CSP responds to new workforce report that reveals ‘ongoing discrimination’ in NHS England

A new report shows increasing diversity among the workforce of NHS England, but also highlights that Black, Asian and minority ethnic staff continue to be disproportionately affected by bullying, harassment and a lack of career development.

A piece of paper with the word 'discrimination' written on it, torn in two

The 2022 Workforce Race Equality Standard (WRES) report was released this week. The WRES report, which was first published in 2015, now includes data on intersectional characteristics, including ethnicity, sex, region and occupation. 

It reveals that the overall percentage of Black, Asian and minority ethnic staff has risen in NHS England, alongside an increase for Black, Asian and minority ethnic staff sitting on boards and in very senior manager positions.

However, there are still considerable gaps between the workforce as a whole and executive level, and Black, Asian and minority ethnic staff are still significantly more likely to enter a formal disciplinary process when compared to white colleagues.  

The report also found that bullying and harassment from other staff primarily affects Black, Asian and minority ethnic colleagues.

And, where intersectionality is considered, women from a Black background (19.8 per cent) and women from an Arabic background (18.4 per cent), experienced high levels of discrimination from other colleagues in the last 12 months.  

Report raises concerns for NHS staff

Commenting on the findings in the report, Claire Sullivan, CSP Director of Employment Relations and Union Services, said: ‘While we welcome the increase in diversity across all NHS England regions there is still much work to be done to drive racial discrimination out of the NHS.

As an organisation, the CSP is deeply concerned about ongoing discrimination faced by our members and others from clinical and non-clinical backgrounds

‘This is evidenced in this year’s WRES report through the horrendous levels of bullying, harassment and lack of career development and recruitment, all experienced at higher levels by Black, Asian and minority ethnic staff than their white counterparts.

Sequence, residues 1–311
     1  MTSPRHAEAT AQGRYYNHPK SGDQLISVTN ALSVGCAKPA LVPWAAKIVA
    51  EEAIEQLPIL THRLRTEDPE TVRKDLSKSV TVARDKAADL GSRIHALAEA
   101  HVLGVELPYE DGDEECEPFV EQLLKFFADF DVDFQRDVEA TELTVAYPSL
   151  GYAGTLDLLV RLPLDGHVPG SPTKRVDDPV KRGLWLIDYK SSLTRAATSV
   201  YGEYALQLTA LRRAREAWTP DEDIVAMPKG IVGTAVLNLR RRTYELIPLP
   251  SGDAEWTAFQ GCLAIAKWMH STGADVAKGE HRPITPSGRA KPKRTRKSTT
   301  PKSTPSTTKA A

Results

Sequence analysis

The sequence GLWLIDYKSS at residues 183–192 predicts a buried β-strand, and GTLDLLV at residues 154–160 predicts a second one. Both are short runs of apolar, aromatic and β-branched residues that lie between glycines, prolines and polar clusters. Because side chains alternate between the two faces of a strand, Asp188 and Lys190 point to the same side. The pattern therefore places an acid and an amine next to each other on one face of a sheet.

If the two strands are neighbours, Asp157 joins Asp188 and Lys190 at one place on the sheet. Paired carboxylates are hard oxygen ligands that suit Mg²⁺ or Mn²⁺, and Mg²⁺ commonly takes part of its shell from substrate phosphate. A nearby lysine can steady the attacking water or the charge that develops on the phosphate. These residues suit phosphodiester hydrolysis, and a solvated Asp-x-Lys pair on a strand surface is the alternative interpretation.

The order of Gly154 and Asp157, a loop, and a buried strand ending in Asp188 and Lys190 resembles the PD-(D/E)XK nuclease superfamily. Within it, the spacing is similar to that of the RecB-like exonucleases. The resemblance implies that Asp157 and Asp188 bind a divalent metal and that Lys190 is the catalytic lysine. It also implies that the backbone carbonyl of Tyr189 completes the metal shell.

‘This is a joint endeavour, and we are committed as a union to work with employers, unions and government to deliver a more diverse, inclusive NHS for the future.”

Ongoing discrimination

Overall, the percentage of staff experiencing discrimination from a manager, team leader or other colleague has increased for all staff since 2019, but the gap between the experience of this behaviour by Black, Asian and minority ethnic staff (17.0 per cent) compared to their white peers (6.8 percent) remains large at 10.2 per cent.

Other key findings in the report include that:  

  • Black, Asian and minority ethnic staff are still 1.14 times more likely to enter a formal disciplinary process when compared to white staff – this has seen no increase or decrease since 2021.  
  • Black, Asian and minority ethnic staff are 1.54 times less likely to be appointed for short-listing, compared to white staff. This is a slight reduction from 1.61 in 2021.  
  • In the clinical workforce, band 5 has the highest amount of diversity at 36.8 per cent. In the non-clinical workforce, band 6 has the highest level of diversity at 18.8 per cent

Increasing diversity in the workforce

The report shows that, while London has the most diverse workforce (with 49.9 per cent of its staff identifying as Black, Asian or minority ethnic), the percentage of Black, Asian and minority ethnic staff across NHS England has increased year-on-year, and is now sitting at 24.2 per cent, an increase from 22.4 per cent in 2021.

This represents a real terms staff increase of 27,500. The region with the least diverse workforce is the south-west, sitting at just 12.8 per cent.  


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